A new analysis of data on smoking and health finds that smokers who quit before the age of 35 have a reasonable chance to regain their health over time and to live as long and as well as people who have never smoked. The Duke University Medical Center researchers who performed the analysis said that smokers who quit can dodge the debilitating effects of smoking-related diseases and maintain a high quality of life into middle-age and beyond.
The Duke researchers suggest that smoking cessation efforts should emphasize the impact of smoking on quality of life, in addition to its relationship to early mortality. They said smokers might be more inclined to quit if they understand that not only might their life be shortened, but that the quality of their final years might be significantly lowered.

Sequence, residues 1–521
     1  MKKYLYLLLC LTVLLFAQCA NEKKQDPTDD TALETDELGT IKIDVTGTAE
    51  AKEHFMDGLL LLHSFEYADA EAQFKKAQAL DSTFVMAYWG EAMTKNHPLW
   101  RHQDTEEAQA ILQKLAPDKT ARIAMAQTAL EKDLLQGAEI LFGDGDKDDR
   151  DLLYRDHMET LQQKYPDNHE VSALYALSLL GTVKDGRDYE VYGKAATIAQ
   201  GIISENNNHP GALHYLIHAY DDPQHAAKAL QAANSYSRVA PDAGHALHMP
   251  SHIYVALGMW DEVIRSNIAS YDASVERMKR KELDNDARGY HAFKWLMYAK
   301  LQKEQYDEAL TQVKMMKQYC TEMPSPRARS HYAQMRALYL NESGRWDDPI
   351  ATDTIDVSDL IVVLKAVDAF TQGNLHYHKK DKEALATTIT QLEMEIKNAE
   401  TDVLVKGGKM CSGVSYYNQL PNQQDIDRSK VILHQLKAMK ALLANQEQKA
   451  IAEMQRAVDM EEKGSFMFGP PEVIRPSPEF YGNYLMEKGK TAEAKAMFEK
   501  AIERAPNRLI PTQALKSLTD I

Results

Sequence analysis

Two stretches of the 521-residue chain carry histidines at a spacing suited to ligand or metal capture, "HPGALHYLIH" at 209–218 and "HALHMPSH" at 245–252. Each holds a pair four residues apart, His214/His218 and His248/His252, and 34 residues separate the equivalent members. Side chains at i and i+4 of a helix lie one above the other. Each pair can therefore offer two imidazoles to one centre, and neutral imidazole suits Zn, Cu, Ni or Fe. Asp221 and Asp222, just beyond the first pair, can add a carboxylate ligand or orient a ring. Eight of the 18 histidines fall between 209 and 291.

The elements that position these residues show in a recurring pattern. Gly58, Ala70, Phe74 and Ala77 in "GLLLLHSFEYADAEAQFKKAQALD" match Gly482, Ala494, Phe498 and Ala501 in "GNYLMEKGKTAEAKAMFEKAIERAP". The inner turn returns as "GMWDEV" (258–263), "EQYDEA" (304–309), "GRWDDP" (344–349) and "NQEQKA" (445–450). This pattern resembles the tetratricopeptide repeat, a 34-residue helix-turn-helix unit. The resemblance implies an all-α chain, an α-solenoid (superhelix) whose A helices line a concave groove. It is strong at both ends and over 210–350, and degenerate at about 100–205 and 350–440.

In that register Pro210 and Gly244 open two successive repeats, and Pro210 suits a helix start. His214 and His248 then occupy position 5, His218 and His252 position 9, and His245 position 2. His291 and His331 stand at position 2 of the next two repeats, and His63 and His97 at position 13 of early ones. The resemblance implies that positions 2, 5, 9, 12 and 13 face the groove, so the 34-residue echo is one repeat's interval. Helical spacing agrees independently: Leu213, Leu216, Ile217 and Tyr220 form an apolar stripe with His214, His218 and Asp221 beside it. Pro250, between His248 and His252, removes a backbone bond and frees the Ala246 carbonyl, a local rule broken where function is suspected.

"Any time smokers quit, theyre bettering their health; however, for many smokers it takes a negative health event to stop. For these people and for smokers who quit later in life, it is much more difficult to get back on track," said Donald Taylor Jr., Ph.D., Duke University Medical Center and Center for Health Policy, Law and Management at the Terry Sanford Institute of Public Policy, Duke University. "The message is that its better to quit now than later. The result is a longer, healthier life."
Amy Austell | dukemed news
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